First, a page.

If philanthropy is designed to support grantees in helping their communities, it stands to reason that nonprofits desiring a bigger impact should lead their own evaluation agendas. But this is not how the current ecosystem is set up: Instead of stemming organically from organizational strategy, evidence building is usually conducted to answer questions researchers are interested in or to “prove” to funders that programs are effective. Nonprofits are too often the “caboose” of the evidence-building train; they should be part of the engine.

As an alternative, we encourage funders to support nonprofits in leading the evaluation process. We encourage a new starting point for building evidence that is based on grantees’ learning agenda and priorities. Once this is established, clarity regarding prior research for the specific target population served — questions whose answers will make programs more effective — should be integrated. Finally, by using methodologies appropriate to the questions asked, the available data, and the stage of the organization, we can help nonprofits build the evidence they need to make a bigger difference in their communities. Nonprofits, rather than researchers or funders, should lead this process; it is their responsibility to know whether their program is on track, as well as what’s needed to guide it toward even better performance.

A series of smaller-scale internal and external studies — to inform program implementation and impact over time — allows for a more continuous, more cost-effective, and lower-risk approach. In fact, this is how the much-lauded Nurse-Family Partnership (NFP), which provides maternity and prenatal care to poor mothers, built its evidence base. NFP was grounded in theory and epidemiology, formatively developed with a set of pilot families, and then tested in a sequential series of randomized controlled trials to examine its impact with different populations living in different contexts before it was offered for public investment.3 At every step of this process, data on implementation and outcomes were used to refine the program model and replication process.4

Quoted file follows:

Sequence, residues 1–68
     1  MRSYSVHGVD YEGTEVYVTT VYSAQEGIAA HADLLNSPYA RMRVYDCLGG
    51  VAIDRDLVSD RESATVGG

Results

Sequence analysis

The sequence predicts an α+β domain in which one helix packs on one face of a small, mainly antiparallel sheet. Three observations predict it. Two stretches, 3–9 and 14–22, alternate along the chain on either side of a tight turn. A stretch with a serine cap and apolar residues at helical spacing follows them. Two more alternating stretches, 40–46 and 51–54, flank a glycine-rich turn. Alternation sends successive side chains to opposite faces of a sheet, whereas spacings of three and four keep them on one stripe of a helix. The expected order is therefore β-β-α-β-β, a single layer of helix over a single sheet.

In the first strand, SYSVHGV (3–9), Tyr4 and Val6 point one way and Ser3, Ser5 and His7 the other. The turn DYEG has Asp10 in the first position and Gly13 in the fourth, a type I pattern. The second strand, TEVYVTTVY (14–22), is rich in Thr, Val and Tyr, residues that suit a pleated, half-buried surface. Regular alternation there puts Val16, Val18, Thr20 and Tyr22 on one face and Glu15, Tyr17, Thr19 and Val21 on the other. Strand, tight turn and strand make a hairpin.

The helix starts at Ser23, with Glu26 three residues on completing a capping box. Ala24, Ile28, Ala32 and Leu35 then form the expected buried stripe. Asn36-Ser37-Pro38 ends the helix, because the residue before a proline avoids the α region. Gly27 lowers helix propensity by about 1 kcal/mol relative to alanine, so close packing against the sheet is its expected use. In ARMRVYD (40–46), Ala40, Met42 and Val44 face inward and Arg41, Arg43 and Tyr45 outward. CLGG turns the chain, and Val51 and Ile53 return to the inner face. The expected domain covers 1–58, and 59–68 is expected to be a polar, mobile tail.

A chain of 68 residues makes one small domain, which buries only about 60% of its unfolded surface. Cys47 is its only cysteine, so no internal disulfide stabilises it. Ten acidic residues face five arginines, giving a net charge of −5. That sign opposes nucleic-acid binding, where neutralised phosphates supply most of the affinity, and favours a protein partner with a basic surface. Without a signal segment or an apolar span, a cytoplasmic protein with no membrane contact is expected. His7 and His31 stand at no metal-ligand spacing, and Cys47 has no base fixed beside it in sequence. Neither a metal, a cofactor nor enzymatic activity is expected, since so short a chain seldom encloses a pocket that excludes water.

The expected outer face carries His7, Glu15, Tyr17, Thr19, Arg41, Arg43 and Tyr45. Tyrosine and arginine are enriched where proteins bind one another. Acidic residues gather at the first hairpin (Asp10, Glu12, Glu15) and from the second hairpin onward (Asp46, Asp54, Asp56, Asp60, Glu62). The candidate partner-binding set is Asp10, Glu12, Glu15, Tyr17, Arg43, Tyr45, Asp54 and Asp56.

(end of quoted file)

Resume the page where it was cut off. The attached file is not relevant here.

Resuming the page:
Move From Judgment to Development

“Many funders,” said one nonprofit leader, “want to fund the type of research that would lead to a third-party rigorous evaluation that ‘proves’ program impact. However, just as important is funding the steps leading to this type of rigorous evaluation work.”5

There is no such thing as a one-study wonder that makes a program perfect. The road to higher impact is paved with incremental improvements.

To help grantees follow this road, funders will have to shift from a more judgmental stance to a more developmental one based on learning and organizational development in service of improvement. Our mutual goals call for joint problem-solving, rigorous experimentation, and a willingness to evolve, none of which is possible in a pure thumbs-up/thumbs-down context. By viewing evidence building not as an event but as a cycle — and supporting nonprofits to pursue rigorous, mixed methods that fit their organizational needs — we can improve outcomes not just once but continually.

Don’t Stop at Research: Support Learning and Implementation

Evidence building alone will have limited utility if nonprofits don’t have sufficient capability to interpret the evidence and make adjustments based on what they learn. As part of the move from judgment to development, therefore, funders must go beyond simply supporting research studies to supporting learning, cost-benefit analyses, and implementation.

Funders can also help connect research to policy and practice, as is clear from the success of research-practice partnerships like California’s Fostering Connection to Success legislation, which gave foster care youth in California the right to care until the age of 20. Philanthropy played an important role in this legislation by funding the research, as well as stakeholder engagement to connect these efforts. Legislation like this shows what is possible when multiple stakeholders come together to implement solutions using evidence connected to policy and practice.6

Ask For and Fund Outcomes